SCHIP Politics Punish Children of Color

By Kai Wright Oct 23, 2007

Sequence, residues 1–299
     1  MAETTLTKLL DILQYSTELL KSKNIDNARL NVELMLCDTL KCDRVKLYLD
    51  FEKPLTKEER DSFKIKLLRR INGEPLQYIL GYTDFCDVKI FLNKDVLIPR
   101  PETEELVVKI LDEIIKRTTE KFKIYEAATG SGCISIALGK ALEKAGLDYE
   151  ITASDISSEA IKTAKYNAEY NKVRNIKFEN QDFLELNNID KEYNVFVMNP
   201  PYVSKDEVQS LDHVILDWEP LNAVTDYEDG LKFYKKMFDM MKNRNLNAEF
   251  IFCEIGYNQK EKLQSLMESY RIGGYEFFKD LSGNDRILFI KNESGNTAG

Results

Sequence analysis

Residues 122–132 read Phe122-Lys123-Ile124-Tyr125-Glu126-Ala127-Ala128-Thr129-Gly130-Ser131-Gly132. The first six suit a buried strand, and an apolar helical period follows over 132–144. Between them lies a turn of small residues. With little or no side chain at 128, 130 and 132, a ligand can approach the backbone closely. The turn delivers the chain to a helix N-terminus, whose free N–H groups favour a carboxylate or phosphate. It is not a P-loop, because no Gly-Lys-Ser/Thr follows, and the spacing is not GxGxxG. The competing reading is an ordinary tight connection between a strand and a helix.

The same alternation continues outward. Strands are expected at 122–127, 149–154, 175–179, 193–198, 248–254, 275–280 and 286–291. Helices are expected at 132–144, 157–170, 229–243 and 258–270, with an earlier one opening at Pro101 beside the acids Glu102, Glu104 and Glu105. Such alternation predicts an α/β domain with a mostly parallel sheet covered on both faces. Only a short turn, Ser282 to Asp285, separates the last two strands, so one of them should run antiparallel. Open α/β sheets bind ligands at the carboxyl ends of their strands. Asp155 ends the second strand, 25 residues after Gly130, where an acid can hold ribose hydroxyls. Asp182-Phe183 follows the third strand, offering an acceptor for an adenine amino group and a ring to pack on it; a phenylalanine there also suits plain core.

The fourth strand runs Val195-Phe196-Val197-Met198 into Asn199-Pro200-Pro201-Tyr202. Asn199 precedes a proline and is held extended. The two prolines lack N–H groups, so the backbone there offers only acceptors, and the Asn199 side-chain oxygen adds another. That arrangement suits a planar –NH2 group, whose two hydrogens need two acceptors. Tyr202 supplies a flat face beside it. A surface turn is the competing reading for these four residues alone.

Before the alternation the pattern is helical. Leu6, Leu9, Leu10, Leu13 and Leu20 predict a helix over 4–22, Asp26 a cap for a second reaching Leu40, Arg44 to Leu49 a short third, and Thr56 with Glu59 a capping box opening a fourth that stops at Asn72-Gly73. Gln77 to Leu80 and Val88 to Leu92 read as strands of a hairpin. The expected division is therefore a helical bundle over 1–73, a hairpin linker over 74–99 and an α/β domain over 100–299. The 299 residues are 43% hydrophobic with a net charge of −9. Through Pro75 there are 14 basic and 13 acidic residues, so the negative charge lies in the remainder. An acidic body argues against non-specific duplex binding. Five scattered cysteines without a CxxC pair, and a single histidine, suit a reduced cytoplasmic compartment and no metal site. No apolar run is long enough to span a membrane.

by Kai Wright When President Bush vetoed the bipartisan children’s health bill last week, the administration said he aimed to put “poor children first.” But what the White House has actually done is once again put an ideological agenda ahead of America’s wellbeing—and cynical distortions ahead of reality. Predictably, the administration’s hammer will fall most heavily on children of color, for whom the state-run network of public insurance programs, called SCHIP, has been a lifeline. Since its creation in 1997, SCHIP has cut the number of uninsured black children by nearly half and the number of uninsured Latinos and Asian Americans by almost a third each, according to the research and advocacy group Families USA. Vast disparities remain, as racial and ethnic minorities still account for 60 percent of the roughly 9 million uninsured kids. So a broad swath of lawmakers came together this year to finish the job. They crafted a compromise bill that would have allowed SCHIP to cover 3.8 million more kids and thereby cut the number of uninsured by nearly half. The president vetoed it. The White House has spun a dizzying array of misinformation to justify what polls have shown to be a stunningly unpopular move. Bush primarily claims he can’t support the bill because it opens SCHIP to middle-class families but does nothing to draw in more of the poor children who are already eligible but not enrolled. Yet, a full five weeks before Bush’s veto, the Congressional Budget Office reported exactly the opposite: 85 percent of the kids who would be newly covered are currently eligible but not enrolled in public insurance. The claim that the bill covers middle-class children is equally fantastic. The bill includes fiscal punishments for states that let in families who earn more than 300 percent of the federal poverty level—which adds up to around $62,000 for a family of four. Three quarters of those covered by the bill would have incomes less than $41,300 for a family of four, according to Families USA. Apparently, the president considers that middle class. Perhaps it was that claim’s weakness that prompted the White House’s resort to race baiting. The administration said the bill would cover illegal immigrants, when in fact it plainly continues the existing policy of excluding legal immigrants until they’ve been in the country for five years. Finally, Bush said he nixed the bill because Congress hadn’t worked with him. To the contrary, leading members in both parties repeatedly sought compromise with him. But the White House isn’t interested in compromise; it’s interested in advancing a zealous campaign to dismantle government health programs in favor of a predatory private market. We’ve seen this playbook before: Repeat lies until they pass for truth. Stonewall both friends and enemies alike. And push ahead with a predetermined agenda, regardless of facts on the ground. That approach to policymaking created a foreign policy disaster, and it will spawn similarly disastrous results for our children’s health.